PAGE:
In 1995, the Tenth Circuit Court of Appeals affirmed the district court’s decision in Crow Tribe of Indians v. Repsis although it ruled that the Bighorn National Forest was “occupied,” meaning the treaty hunting rights did not apply. The appeals court also decided Wyoming had justifiable conservation reasons for hunting restrictions.

Fast forward to 2019. The U.S. Supreme Court ruled in Herrera v. Wyoming, where the state attempted to prosecute a tribe member named Clayvin Herrera for hunting elk in the forest off-season and without a license, that Wyoming’s admittance as a state had not terminated the Crow Tribe’s treaty rights. It also ruled that the national forest was not “occupied.” Due to two different rulings, the Court sent the case back to the Wyoming courts, where the state kept pursuing its efforts to prosecute the tribe member.

In response, the Crow Tribe sought relief, a motion denied by the district court. The district court held that it lacked the authority to grant post-judgement relief, and the tribe appealed.

Wesley James Furlong, a staff attorney for the Native American Rights Fund, which is representing the Crow Tribe, told the Wyoming Truth, “Herrera v. Wyoming affirmed that the Crow Tribe’s treaty-reserved right to hunt in the Big Horn National Forest remained intact. Wyoming is bound by the 1868 Treaty and the Supreme Court’s decision in Herrera. This case will allow the Crow Tribe to correct the injustice of the Repsis decisions — which said that their right to hunt was extinguished — and prevent the State of Wyoming from using these outdated decisions to prevent Crow Tribe members from asserting their treaty rights as a defense to unlawful state prosecutions.”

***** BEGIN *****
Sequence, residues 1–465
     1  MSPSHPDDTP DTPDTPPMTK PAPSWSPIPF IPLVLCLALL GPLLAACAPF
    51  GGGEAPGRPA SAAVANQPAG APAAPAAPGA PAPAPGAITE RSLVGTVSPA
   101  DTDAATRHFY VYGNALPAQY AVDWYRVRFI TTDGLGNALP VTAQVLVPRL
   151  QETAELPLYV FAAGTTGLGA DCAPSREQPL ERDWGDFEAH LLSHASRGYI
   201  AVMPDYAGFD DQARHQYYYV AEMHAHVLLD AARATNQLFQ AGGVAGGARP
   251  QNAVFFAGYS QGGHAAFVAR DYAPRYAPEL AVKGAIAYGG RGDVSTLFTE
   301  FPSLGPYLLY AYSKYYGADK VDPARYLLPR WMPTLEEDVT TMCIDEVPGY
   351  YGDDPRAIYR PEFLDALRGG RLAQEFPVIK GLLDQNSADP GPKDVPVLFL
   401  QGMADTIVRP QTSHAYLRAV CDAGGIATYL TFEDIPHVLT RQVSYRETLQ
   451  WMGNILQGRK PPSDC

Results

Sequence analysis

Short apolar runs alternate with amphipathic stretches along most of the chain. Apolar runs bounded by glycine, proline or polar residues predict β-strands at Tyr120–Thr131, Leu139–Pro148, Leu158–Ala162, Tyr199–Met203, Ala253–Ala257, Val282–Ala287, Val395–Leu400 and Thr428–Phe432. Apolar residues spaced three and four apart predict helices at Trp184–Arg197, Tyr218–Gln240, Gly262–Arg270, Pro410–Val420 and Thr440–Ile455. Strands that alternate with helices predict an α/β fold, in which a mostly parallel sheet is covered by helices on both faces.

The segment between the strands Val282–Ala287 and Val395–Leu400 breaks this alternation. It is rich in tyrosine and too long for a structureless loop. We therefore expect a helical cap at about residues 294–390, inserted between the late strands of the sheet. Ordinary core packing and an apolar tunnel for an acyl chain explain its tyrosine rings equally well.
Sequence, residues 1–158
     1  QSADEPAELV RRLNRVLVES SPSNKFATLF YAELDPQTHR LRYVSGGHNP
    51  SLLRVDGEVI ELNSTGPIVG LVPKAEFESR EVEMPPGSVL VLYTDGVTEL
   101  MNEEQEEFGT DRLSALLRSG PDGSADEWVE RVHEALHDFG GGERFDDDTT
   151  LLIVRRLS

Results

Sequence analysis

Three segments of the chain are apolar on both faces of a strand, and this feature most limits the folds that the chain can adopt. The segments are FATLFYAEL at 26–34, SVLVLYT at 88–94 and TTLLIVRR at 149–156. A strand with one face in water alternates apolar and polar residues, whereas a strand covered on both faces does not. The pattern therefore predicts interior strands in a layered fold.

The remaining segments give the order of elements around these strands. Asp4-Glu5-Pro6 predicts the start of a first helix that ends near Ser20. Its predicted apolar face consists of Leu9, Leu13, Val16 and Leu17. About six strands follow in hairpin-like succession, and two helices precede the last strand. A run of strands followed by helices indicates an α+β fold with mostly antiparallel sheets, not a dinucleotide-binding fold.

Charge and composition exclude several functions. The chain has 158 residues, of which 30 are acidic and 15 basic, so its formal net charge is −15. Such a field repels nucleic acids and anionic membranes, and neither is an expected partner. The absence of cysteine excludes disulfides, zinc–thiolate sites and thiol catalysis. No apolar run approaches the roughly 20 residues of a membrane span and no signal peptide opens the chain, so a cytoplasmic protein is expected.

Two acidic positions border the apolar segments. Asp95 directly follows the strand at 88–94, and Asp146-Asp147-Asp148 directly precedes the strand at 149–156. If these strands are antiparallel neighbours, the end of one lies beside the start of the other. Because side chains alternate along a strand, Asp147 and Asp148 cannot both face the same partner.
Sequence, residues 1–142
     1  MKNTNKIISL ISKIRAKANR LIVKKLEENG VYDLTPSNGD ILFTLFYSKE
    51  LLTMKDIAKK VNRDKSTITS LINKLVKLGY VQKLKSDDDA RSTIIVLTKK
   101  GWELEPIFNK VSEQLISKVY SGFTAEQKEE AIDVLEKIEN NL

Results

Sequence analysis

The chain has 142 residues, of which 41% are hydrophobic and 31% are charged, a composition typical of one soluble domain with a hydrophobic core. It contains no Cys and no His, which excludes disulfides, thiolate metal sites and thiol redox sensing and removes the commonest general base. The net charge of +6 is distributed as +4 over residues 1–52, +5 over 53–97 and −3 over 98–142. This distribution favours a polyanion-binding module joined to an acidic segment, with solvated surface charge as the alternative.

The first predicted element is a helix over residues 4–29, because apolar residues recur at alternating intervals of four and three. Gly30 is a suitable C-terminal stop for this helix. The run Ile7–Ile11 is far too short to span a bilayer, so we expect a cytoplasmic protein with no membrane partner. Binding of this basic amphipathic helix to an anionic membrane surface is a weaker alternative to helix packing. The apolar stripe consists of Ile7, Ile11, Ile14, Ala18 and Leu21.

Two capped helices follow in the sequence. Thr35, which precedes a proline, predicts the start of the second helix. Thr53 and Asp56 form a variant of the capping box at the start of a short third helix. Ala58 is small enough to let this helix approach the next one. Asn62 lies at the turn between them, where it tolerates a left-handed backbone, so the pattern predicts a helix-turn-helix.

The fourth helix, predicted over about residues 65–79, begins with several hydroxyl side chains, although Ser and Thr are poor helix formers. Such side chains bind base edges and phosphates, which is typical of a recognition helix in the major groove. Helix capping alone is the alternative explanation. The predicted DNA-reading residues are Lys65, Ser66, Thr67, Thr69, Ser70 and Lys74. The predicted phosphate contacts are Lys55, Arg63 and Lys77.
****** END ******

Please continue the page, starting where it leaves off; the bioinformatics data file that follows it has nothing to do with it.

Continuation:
The Crow Tribe could not be reached for further comment on this case.

The Crow Tribe, a federally recognized Native American tribe with origins in present-day Montana and Wyoming, signed a treaty with the government in 1868 in which it agreed to settle on a reservation in Montana near Wyoming and the Bighorn National Forest, halting its nomadic lifestyle. In exchange, the tribe was granted the right to hunt on the unoccupied lands if game was found there and if peace continued between whites and Native Americans on the borders of hunting districts.

Wyoming Attorney General Bridget Hill, whose office represents the defendant Wyoming Game and Fish Department, declined to comment on the case and told the Wyoming Truth, “[b]ecause this case is still pending, I am unable to answer your questions.”

The Wyoming Game and Fish Department also declined to answer additional questions about the ongoing litigation.

“However, despite the ongoing case, we continue to believe that finding agreement through negotiation can be a more positive and productive path forward than the current status quo,” said Breanna Ball, the department’s public information officer. “We will continue to work with the tribes to ensure healthy populations of big game remain in Wyoming, as well as to uphold the long-standing systems of game management in Wyoming.”